Love is “epigenetic.” That is, positive experiences in early life can act upon and alter the expression of specific genes.

These changes in gene expression may have behavioral consequences through simple biochemical changes, such as adding a methyl group to a particular site within the genome (Zhang & Meaney, 2010). It is possible that these changes in the genome may even be passed to the next generation.

Social behaviors, emotional attachment to others, and long-lasting reciprocal relationships also are both plastic and adaptive, and so is the biology upon which they are based. For example, infants of traumatized or highly stressed parents might be chronically exposed to vasopressin, either through their own increased production of the neuropeptide, or through higher levels of vasopressin in maternal milk. Such increased exposure could sensitize the infant to defensive behaviors or create a lifelong tendency to overreact to threat.

Based on research in rats, it seems that in response to adverse early experiences of chronic isolation, the genes for vasopressin receptors can become upregulated (Zhang et al., 2012), leading to an increased sensitivity to acute stressors or anxiety that may persist throughout life.

Epigenetic programming triggered by early life experiences is adaptive in allowing neuroendocrine systems to project and plan for future behavioral demands. But epigenetic changes that are long-lasting also can create atypical social or emotional behaviors (Zhang & Meaney, 2010) that may be especially likely to surface in later life, and in the face of social or emotional challenges.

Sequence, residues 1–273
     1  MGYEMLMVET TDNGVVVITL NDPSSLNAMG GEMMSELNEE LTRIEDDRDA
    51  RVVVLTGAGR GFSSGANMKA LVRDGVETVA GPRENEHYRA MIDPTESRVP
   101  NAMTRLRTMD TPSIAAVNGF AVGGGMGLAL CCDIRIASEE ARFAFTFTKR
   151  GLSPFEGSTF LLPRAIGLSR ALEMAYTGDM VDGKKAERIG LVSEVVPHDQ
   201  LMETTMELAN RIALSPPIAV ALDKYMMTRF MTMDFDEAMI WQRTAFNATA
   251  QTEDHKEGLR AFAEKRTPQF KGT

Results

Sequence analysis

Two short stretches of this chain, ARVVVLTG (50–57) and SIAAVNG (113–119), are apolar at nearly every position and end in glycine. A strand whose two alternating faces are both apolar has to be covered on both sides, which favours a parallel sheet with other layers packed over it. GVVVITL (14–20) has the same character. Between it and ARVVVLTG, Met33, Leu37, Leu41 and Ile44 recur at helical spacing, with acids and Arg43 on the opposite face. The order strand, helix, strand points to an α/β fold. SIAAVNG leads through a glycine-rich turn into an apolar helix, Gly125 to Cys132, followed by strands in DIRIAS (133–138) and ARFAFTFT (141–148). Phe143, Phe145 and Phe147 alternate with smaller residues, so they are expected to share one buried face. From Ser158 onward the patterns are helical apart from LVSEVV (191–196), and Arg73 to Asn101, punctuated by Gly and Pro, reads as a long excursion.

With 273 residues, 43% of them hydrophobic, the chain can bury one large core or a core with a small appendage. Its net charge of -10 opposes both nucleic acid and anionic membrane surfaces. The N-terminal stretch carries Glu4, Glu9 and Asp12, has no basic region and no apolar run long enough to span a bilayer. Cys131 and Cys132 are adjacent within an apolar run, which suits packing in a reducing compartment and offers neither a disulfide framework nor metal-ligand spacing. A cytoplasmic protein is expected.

Exposure to exogenous hormones in early life also may be epigenetic. For example, prairie voles treated postnatally with vasopressin (especially males) were later more aggressive, whereas those exposed to a vasopressin antagonist showed less aggression in adulthood.

Conversely, in voles the exposure of infants to slightly increased levels of oxytocin during development increased the tendency to show a pair bond. However, these studies also showed that a single exposure to a higher level of oxytocin in early life could disrupt the later capacity to pair bond (Carter et al., 2009).

There is little doubt that either early social experiences or the effects of developmental exposure to these neuropeptides holds the potential to have long-lasting effects on behavior. Both parental care and exposure to oxytocin in early life can permanently modify hormonal systems, altering the capacity to form relationships and influence the expression of love across the life span.

Our preliminary findings in voles further suggest that early life experiences affect the methylation of the oxytocin receptor gene and its expression (Connelly, Kenkel, Erickson, & Carter, 2011). Thus, we can plausibly argue that love is epigenetic.

Authors: Sue Carter and Stephen Porges, University of North Carolina, Northeastern University - Boston. Reublished via Creative Commons.